{
                rMatrix[i][j] = 0.0;
            }

            if ((i == 2 && j == 7) || (i == 7 && j == 7) ||(i == 4 && j == 7))
            {
                rMatrix[i][j] = 100.0;
            }
        }
    }
//Main Function Continued**

Let us now take a look at our R-Matrix.

//Main Function Continued**

    printf("\nPoints Matrix : \n");
    for (i = 0; i < 8; i++)
    {
        for (j = 0; j < 8; j++)
        {
            printf("%f\t",rMatrix[i][j]);
        }
        printf("\n");
    }
    printf("\n\n\n");

    printf("%f", rMatrix[7][7]);
//Main Function Continued***

R-Matrix

#graph #c-programming #machine-learning #c

What is GEEK

Buddha Community

Q-Learning Using C Language
Chloe  Butler

Chloe Butler

1667425440

Pdf2gerb: Perl Script Converts PDF Files to Gerber format

pdf2gerb

Perl script converts PDF files to Gerber format

Pdf2Gerb generates Gerber 274X photoplotting and Excellon drill files from PDFs of a PCB. Up to three PDFs are used: the top copper layer, the bottom copper layer (for 2-sided PCBs), and an optional silk screen layer. The PDFs can be created directly from any PDF drawing software, or a PDF print driver can be used to capture the Print output if the drawing software does not directly support output to PDF.

The general workflow is as follows:

  1. Design the PCB using your favorite CAD or drawing software.
  2. Print the top and bottom copper and top silk screen layers to a PDF file.
  3. Run Pdf2Gerb on the PDFs to create Gerber and Excellon files.
  4. Use a Gerber viewer to double-check the output against the original PCB design.
  5. Make adjustments as needed.
  6. Submit the files to a PCB manufacturer.

Please note that Pdf2Gerb does NOT perform DRC (Design Rule Checks), as these will vary according to individual PCB manufacturer conventions and capabilities. Also note that Pdf2Gerb is not perfect, so the output files must always be checked before submitting them. As of version 1.6, Pdf2Gerb supports most PCB elements, such as round and square pads, round holes, traces, SMD pads, ground planes, no-fill areas, and panelization. However, because it interprets the graphical output of a Print function, there are limitations in what it can recognize (or there may be bugs).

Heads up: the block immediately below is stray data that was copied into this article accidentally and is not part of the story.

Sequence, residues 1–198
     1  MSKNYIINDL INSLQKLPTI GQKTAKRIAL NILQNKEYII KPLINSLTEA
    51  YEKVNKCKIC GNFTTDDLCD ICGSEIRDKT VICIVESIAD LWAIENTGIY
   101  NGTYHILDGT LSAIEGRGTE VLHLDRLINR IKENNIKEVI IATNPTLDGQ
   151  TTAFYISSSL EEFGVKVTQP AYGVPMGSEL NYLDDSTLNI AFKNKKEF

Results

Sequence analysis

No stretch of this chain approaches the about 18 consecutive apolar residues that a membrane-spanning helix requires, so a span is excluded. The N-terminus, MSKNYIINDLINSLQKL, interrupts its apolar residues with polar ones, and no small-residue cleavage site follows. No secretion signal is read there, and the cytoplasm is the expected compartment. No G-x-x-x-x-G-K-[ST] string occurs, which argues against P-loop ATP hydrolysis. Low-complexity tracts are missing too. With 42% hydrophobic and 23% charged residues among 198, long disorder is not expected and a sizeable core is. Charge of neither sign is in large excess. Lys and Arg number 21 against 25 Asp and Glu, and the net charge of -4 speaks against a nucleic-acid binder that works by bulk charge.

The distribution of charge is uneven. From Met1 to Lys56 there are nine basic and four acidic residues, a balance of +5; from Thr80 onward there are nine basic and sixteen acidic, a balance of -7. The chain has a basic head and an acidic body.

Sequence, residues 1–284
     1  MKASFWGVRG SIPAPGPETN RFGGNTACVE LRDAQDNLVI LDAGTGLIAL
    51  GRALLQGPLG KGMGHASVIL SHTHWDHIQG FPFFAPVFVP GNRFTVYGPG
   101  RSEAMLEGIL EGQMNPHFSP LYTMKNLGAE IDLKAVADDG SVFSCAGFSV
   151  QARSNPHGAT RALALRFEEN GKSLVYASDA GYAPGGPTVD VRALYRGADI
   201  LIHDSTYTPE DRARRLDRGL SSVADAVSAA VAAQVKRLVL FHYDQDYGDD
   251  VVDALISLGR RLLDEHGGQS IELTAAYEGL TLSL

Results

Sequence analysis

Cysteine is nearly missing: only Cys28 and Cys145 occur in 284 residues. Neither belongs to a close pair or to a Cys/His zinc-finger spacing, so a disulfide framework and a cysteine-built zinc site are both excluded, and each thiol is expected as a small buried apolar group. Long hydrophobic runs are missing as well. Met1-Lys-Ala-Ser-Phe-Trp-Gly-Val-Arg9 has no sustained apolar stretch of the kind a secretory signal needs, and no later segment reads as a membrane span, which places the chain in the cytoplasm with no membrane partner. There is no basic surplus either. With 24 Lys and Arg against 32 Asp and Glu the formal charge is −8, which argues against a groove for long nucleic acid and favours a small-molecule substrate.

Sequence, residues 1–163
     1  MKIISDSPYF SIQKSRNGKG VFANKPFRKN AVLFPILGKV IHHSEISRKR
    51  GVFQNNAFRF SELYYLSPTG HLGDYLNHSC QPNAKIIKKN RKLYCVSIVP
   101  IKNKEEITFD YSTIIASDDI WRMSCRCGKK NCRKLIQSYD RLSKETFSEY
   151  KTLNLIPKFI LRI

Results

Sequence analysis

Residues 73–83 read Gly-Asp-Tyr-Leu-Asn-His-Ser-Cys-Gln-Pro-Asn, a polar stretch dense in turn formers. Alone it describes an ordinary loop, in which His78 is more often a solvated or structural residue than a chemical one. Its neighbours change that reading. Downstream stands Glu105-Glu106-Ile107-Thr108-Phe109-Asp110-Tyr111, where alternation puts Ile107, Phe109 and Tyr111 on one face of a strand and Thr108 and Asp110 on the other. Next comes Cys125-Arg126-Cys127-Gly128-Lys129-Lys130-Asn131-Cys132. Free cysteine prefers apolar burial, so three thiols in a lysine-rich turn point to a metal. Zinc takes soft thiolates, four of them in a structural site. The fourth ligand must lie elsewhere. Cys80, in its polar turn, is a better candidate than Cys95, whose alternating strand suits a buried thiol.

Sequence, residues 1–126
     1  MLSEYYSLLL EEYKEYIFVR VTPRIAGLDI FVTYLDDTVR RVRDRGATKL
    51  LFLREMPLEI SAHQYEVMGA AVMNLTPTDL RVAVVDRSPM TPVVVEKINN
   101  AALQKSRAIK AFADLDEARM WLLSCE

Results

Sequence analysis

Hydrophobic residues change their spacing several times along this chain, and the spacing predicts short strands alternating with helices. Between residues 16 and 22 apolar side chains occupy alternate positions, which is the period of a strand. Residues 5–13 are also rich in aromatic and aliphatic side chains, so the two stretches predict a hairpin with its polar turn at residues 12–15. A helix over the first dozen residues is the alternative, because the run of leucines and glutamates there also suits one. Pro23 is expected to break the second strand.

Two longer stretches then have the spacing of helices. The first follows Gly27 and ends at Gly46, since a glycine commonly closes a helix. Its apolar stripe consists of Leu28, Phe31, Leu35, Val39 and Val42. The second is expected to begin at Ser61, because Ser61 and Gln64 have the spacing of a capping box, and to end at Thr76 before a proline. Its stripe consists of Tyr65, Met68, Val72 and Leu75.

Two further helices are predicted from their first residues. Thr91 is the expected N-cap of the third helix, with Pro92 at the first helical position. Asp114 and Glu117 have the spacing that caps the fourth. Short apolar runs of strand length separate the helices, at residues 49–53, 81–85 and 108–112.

See docs/Pdf2Gerb.pdf for install/setup, config, usage, and other info.


pdf2gerb_cfg.pm

#Pdf2Gerb config settings:
#Put this file in same folder/directory as pdf2gerb.pl itself (global settings),
#or copy to another folder/directory with PDFs if you want PCB-specific settings.
#There is only one user of this file, so we don't need a custom package or namespace.
#NOTE: all constants defined in here will be added to main namespace.
#package pdf2gerb_cfg;

use strict; #trap undef vars (easier debug)
use warnings; #other useful info (easier debug)


##############################################################################################
#configurable settings:
#change values here instead of in main pfg2gerb.pl file

use constant WANT_COLORS => ($^O !~ m/Win/); #ANSI colors no worky on Windows? this must be set < first DebugPrint() call

#just a little warning; set realistic expectations:
#DebugPrint("${\(CYAN)}Pdf2Gerb.pl ${\(VERSION)}, $^O O/S\n${\(YELLOW)}${\(BOLD)}${\(ITALIC)}This is EXPERIMENTAL software.  \nGerber files MAY CONTAIN ERRORS.  Please CHECK them before fabrication!${\(RESET)}", 0); #if WANT_DEBUG

use constant METRIC => FALSE; #set to TRUE for metric units (only affect final numbers in output files, not internal arithmetic)
use constant APERTURE_LIMIT => 0; #34; #max #apertures to use; generate warnings if too many apertures are used (0 to not check)
use constant DRILL_FMT => '2.4'; #'2.3'; #'2.4' is the default for PCB fab; change to '2.3' for CNC